Day 25 Megan Hart – Something For Everyone

Whatever Blows Your Skirt Up

Ahhh, romance. Rippling muscles, wind-blown hair, bustles getting rustled and hey, is that a billionaire over at the next table? Maybe. In the great wide world Flyingof romance novels, billionaires abound.

But so do cowboys, doctors, military guys, firefighters, airline pilots, librarians, nannies, scoundrels, ladies of the manor and accountants. Truth be told, I don’t think I’ve ever read a romance with an accountant as the hero or heroine, which only means that it’s time someone writes one. Because here’s the thing about romance — there’s room in our beloved genre for all sorts of stories.

Long past are the days when bodices were merrily ripped hither and yon. Lovers of historical romance will tell you, however, that while other subgenres might be taking up more slots on the bestseller charts, stories of days gone by are still popular. The difference? Now instead of being limited to merry olde England or maybe the highlands of Scotland or the American Wild West, historical readers are as likely to find stories set in the Roaring Twenties or against the backdrop of World War II.

Likewise, while the days of “no really means yes” have also gone (fortunately) by the wayside, romance novels have continued to tempt their readers with all levels of heat from sweet to steamy. Erotic romance, stories in which the sexual situations and language are an inherent part of the plot, are still romances. So are stories in which the hero do no more than kiss or hold hands before closing the bedroom door firmly and taking their intimacies off the page.

In other words, these days, there’s something for everyone.

So to those who claim they don’t read “those” kinds of books, I say, what kinds of books, exactly? Romance encompasses so many time periods, storylines and COSMO_1114_9781460332924_LettingGoheat levels that there’s really no way to lump them all together. Sure, there are cliches and tropes, but show me a genre that doesn’t have its own set of time honored plot contrivances or shortcuts. Go on. I’ll wait…

I thought so.

If you haven’t read a romance, or you haven’t read one lately, there’s no better time to start. Maybe you want a super sexy tale of passion in a contemporary setting with realistic situations but a guaranteed happy ending — give Lauren Dane and Jaci Burton a try. If you’d like to dive into the past, Stephanie Draven’s 1920s erotica might be for you, or Tessa Dare’s Regencies. Fans of science fiction and fantasy adventure settings don’t have to feel left out, either, not with Kit Rocha’s dystopian novels or Natalie J. Damschroder’s excellent adventure stories that often feature a paranormal twist. You can even slake your thirst for comedic mayhem with Misty Simon’s Poison Ivy series.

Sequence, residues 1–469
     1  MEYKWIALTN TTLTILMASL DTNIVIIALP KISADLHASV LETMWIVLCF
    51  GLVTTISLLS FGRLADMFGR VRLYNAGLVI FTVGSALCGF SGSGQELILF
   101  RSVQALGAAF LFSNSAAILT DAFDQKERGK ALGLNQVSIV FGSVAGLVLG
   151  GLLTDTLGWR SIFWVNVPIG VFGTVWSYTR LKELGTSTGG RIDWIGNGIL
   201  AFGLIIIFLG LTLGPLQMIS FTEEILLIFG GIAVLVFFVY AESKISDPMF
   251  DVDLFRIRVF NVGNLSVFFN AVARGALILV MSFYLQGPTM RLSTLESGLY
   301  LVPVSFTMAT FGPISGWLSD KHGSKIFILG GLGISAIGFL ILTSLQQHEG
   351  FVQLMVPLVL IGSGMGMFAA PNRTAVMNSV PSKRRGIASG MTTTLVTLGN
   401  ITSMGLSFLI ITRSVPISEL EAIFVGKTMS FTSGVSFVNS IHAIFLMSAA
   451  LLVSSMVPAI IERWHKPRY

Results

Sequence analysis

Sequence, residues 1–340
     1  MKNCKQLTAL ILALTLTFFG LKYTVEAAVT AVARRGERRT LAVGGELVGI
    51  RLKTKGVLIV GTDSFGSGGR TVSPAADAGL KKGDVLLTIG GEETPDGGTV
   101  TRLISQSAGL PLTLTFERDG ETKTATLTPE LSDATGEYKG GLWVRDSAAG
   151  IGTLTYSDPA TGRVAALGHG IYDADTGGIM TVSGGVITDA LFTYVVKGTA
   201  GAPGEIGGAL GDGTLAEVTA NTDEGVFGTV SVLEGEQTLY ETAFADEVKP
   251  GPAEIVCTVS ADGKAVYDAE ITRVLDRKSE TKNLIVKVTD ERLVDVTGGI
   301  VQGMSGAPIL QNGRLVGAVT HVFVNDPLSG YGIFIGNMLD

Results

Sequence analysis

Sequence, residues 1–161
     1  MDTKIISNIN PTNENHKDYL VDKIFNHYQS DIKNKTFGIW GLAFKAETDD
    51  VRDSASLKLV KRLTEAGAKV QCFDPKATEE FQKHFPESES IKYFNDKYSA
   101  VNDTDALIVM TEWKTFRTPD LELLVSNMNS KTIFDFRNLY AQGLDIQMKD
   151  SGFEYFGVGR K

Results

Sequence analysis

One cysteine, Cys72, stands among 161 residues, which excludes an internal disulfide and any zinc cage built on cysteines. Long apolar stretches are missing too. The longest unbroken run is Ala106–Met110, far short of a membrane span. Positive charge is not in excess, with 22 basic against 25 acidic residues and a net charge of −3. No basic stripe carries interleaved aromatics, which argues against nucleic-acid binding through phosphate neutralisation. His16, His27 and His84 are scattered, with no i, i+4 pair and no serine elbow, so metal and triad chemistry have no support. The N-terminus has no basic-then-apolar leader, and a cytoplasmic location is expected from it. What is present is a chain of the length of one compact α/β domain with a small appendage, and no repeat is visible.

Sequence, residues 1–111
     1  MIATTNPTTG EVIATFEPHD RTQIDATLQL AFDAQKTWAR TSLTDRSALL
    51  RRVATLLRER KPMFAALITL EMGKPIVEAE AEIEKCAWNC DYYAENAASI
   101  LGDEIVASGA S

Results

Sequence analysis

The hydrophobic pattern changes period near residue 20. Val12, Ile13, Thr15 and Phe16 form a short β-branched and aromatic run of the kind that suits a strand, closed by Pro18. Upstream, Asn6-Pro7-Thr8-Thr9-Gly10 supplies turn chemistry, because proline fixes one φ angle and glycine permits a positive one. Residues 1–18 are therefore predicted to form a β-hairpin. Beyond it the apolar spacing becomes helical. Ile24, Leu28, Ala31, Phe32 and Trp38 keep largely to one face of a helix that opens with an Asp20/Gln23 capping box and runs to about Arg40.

And if you simply can’t find the kind of romance you’re looking for, maybe now’s the time to start writing one of your own!

Questions for the Author:

Describe the most daring, adventurous or inspiring thing you ever did.

The most daring, adventurous and inspiring thing I ever did was to become a parent. It seemed like a swell idea at the time — get married, have some kids. It’s the thing people do, right? So I did it. And believe me, I’m not one of those moms whose children became everything. There were many times I spent time locked in my closet screaming into an armful of clothes in order to keep my sanity (which inspired me to write Precious and Fragile Things.) My children are the most important and wonderful thing I have ever done. They continue to awe and inspire and infuriate me every single day. I don’t recommend children, as a whole, but mine are pretty fantastic.

Tell us about your journey to becoming a writer. (How did you decide to get started? Did you always know or was there a specific moment when you knew?)

When I was twelve, I figured out that people wrote books for a living. I’m not sure why it suddenly become so clear to me at that age, when I’d been an avid reader since age four or so. But suddenly I realized that not only could I make up stuff for a living, I could possibly be paid for it! From then on, I knew I wanted to be a writer.

Tell us about The (or A) Book That Changed Your Life. (Why?)

The Stand, by Stephen King. I read it when I was twelve. It was the book that made me realize that people wrote books as their jobs.

MeganMegan Hart writes books. Some of them use a lot of bad words, but most of the other words are okay.

She can’t live without music, the internet, the ocean or her iPhone. She can’t stand the feeling of corduroy or velvet, and modern art leaves her cold. She writes a little bit of everything from horror to romance.


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